HUMS 382, Nature and Human Nature
This course will explore the Western conception of the human place in the natural world as it has shifted across four centuries. It will feature, alongside corollary readings, close study of three classic texts: Galileo’s Dialogue Concerning the Two Chief World Systems (1632), Giambattista Vico’s New Science (1744), and Darwin’s Origin of Species (1859)—fundamental works locating humans in the cosmos, in society, and in natural history, respectively. It will finish with a new book, Terrence Deacon’s Incomplete Nature (2012), an attempt to explain the emergence of mind from the natural world.
Professor Gary Tomlinson
Gary Tomlinson, John Hay Whitney Professor of Music and Humanities, is a musicologist long committed to multidisciplinary exploration, and his teaching, lecturing, and scholarship have ranged across a diverse set of interests. Central among these have been traditions of European classical music, including the history of opera and early-modern musical thought and practice; but his essays and books embrace such other topics as the music of indigenous American societies, jazz, cultural and anthropological theory, the philosophy of history, affect theory, and human evolution.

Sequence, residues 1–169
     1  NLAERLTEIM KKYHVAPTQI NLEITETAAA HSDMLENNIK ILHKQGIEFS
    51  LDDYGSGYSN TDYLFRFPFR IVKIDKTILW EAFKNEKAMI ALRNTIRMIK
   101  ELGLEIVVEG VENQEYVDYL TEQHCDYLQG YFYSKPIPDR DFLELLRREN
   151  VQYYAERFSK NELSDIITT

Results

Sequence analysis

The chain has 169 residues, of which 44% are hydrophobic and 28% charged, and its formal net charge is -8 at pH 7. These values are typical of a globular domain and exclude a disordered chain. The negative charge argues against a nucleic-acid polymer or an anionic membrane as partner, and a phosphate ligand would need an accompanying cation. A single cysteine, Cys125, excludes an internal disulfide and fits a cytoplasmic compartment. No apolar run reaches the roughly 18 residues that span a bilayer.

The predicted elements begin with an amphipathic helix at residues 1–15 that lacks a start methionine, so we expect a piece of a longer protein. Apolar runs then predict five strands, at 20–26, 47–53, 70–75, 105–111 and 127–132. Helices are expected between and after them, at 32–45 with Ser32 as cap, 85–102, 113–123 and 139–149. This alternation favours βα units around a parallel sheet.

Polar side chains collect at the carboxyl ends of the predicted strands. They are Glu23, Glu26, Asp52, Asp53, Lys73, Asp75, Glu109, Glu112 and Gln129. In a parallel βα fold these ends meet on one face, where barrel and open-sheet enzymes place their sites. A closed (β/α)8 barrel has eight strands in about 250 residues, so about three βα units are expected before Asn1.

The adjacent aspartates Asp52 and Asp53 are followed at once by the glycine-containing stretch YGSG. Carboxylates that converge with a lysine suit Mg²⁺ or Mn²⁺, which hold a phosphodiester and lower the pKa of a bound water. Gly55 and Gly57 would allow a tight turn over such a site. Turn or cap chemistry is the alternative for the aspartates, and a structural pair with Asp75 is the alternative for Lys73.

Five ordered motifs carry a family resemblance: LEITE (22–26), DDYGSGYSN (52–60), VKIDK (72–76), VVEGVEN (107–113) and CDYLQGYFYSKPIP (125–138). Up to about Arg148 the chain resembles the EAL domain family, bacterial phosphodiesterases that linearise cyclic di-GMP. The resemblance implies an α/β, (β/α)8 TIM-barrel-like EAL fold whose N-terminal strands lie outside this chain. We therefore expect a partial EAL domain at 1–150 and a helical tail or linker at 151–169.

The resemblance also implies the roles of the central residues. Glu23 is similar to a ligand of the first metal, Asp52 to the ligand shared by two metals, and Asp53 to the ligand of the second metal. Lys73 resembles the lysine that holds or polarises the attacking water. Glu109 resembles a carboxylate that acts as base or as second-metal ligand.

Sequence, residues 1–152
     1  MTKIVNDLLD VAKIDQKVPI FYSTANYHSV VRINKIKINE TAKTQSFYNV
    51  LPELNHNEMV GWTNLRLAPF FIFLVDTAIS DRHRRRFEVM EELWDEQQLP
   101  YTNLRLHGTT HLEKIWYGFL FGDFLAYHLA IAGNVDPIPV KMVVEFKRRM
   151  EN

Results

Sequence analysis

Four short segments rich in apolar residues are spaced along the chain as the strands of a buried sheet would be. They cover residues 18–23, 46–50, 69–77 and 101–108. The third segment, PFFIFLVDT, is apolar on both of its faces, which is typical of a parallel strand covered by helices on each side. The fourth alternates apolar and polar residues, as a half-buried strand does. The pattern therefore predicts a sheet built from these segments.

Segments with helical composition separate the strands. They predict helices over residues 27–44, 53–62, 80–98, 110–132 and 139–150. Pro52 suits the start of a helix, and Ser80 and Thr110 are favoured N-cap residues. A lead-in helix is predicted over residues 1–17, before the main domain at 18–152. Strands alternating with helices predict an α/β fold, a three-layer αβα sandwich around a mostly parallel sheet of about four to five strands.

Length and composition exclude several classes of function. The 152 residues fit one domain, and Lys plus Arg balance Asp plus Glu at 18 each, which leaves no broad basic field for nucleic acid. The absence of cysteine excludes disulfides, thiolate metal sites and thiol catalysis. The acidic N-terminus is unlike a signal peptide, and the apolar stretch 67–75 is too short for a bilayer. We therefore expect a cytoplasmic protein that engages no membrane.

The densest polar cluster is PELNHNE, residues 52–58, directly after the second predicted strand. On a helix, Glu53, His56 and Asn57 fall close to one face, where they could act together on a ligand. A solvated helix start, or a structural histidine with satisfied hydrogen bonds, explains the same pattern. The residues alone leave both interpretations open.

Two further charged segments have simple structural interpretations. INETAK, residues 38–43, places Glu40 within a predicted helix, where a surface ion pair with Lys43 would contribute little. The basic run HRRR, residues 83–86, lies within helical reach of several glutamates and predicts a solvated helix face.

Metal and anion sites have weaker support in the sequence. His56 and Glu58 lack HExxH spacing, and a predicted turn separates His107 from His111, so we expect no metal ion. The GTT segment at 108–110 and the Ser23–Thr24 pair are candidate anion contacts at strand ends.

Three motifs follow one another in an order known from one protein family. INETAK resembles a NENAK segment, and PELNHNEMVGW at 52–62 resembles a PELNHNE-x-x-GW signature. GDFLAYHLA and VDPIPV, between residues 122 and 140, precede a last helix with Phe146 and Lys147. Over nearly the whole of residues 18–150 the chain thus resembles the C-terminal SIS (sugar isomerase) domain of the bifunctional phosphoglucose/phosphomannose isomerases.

His latest research, joining humanistic theory, archaeology, and evolutionary science, investigates the role of cultural forces in the formation of modern humanity. It has led to two books: A Million Years of Music: The Emergence of Human Modernity (2015) and Culture and the Course of Human Evolution (in press).
His earlier books include Monteverdi and the End of the Renaissance; Music in Renaissance Magic: Toward a Historiography of Others; Metaphysical Song: An Essay on Opera; The Singing of the New World: Indigenous Voice in the Era of European Contact; and Music and Historical Critique.